Bringing to Life the Despondent Lady
Paintings have a powerful way of bringing characters to life, providing an image of their struggle. John William Waterhouse knew this better than anyone. His paintings of “The Lady of Shalott” give an excellent visual of the hopeless centerpiece of Alfred, Lord Tennyson’s poem. Waterhouse drew inspiration from Tennyson’s works throughout his lifetime and his paintings have played a major role in preserving the legacy of “The Lady of Shalott”. Waterhouse crafted three paintings of the Lady of Shallot that garnered much notoriety at the turn of the century in England.
The first and most famous of these paintings was simply entitled The Lady of Shalott which he completed in 1888. The Lady of Shalott depicts the lady in a deep state of despair and misery as she floats down the river to her eventual death. His painting captures Tennyson’s words in Part 4 of the drama, “And down the river’s dim expanse/Like some bold seer in a trance” (Part 4, Line 126). The lady is depicted “robed in snowy white” just as the poem describes her (Part 4, Line 136). Waterhouse uses symbolism and vivid detail to create a full character. Accompanying the lady on the boat is a crucifix and three candles that are all extinguished except for one, giving the imagery of a funeral. Waterhouse’s painting is the best visual for the distraught Lady of Shalott.
Another one of Waterhouse’s paintings is entitled “I Am Half-Sick of Shadows,” Said the Lady of Shalott. This piece shows the lady with her hands over her head in distress as she ponders the misery of her situation. The title of the poem is taken from Part 2 when the lady witnesses two young lovers and expresses her grief. Waterhouse finished the painting two years before his death in 1915. The painting portrays the two lovers outside the window and the lady in the midst of her work on the tapestry.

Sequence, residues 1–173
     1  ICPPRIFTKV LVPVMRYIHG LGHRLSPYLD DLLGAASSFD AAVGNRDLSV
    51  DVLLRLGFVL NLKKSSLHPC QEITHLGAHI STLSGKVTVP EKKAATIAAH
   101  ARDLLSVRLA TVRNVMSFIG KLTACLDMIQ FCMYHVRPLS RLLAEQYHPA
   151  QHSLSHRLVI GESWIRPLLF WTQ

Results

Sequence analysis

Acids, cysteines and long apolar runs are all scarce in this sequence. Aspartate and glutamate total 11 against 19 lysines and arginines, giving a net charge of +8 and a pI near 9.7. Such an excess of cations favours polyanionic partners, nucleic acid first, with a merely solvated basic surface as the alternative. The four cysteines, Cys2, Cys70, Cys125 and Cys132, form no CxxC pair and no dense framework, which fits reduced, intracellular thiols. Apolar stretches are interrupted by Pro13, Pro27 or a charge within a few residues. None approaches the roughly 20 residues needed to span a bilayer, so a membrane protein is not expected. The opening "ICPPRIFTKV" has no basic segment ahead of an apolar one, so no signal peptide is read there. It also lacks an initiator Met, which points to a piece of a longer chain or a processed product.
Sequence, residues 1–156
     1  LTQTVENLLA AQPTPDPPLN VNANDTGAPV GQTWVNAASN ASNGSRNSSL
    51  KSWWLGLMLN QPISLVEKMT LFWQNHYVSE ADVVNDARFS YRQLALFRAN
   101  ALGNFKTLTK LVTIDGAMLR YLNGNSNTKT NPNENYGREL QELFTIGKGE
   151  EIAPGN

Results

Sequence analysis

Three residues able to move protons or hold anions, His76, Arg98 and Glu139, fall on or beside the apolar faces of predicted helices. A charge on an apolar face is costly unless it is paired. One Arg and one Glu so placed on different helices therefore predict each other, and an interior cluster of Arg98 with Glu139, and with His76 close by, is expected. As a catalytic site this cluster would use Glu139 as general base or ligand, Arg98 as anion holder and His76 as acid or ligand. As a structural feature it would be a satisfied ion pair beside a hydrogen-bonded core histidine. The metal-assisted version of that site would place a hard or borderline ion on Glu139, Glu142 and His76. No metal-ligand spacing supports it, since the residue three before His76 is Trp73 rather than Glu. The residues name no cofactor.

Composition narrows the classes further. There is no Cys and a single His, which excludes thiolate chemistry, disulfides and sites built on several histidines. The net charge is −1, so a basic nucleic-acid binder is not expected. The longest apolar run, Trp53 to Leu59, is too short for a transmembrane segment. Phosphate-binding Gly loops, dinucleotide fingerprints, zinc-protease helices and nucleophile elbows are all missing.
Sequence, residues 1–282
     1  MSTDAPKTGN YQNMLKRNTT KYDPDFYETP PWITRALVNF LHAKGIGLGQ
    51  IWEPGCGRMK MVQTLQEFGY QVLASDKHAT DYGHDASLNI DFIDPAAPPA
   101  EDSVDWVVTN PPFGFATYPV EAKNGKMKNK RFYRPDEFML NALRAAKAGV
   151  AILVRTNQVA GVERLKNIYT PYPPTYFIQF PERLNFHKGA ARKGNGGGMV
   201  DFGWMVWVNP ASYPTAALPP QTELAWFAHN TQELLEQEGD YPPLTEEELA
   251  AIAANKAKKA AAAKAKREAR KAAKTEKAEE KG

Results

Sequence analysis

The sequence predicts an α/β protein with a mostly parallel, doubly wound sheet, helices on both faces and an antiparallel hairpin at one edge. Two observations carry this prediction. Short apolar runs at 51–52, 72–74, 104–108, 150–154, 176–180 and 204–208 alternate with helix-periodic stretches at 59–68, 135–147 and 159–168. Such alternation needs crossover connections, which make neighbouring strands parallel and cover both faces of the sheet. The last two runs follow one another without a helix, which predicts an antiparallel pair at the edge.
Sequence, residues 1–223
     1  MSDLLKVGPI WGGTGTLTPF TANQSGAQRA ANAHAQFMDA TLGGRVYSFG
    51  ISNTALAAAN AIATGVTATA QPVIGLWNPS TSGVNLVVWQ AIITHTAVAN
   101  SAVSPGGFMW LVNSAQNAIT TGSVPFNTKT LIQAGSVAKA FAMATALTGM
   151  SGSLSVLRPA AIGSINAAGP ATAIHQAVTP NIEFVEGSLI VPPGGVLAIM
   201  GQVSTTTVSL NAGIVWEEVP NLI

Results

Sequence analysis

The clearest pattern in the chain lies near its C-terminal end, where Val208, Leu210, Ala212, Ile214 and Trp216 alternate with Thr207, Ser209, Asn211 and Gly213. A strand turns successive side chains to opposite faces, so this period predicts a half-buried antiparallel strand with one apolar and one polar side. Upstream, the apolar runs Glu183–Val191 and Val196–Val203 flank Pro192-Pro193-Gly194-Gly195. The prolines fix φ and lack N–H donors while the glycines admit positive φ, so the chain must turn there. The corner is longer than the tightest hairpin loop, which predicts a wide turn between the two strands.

By gifting the world with his fascinating images of “The Lady of Shalott” John William Waterhouse helped sustain the legacy of Tennyson’s poem. He utilized his gifted artistry to bring to life a mysterious lady that had arrived at the edge of her grief and could no longer continue living. Through his striking depictions of the lady’s despondence Waterhouse was able to supplement Tennyson’s masterful poetry. A great deal of gratitude is due the man who helped sustain the legacy of this magnificent piece of Victorian literature.
Nelson, Elizabeth. “Pictorial Interpretations of “The Lady of Shalott”: The Lady in her Boat.” The Victorian Web. Ed. George P. Landow. N.p., n.d. Web. 30 Nov. 2004.
Tennyson, Alfred, Lord, “The Lady of Shalott” The Longman Anthology of British Literature. 4th ed. Damrosch, David, and Kevin J.H. Dettmar. New York: Pearson Education Inc., 2010. 1183-1184. Print.
Waterhouse, “I Am Half-Sick of Shadows,” Said the Lady of Shalott, 1915.
Image retrieved from: http://www.victorianweb.org/painting/jww/paintings/22.html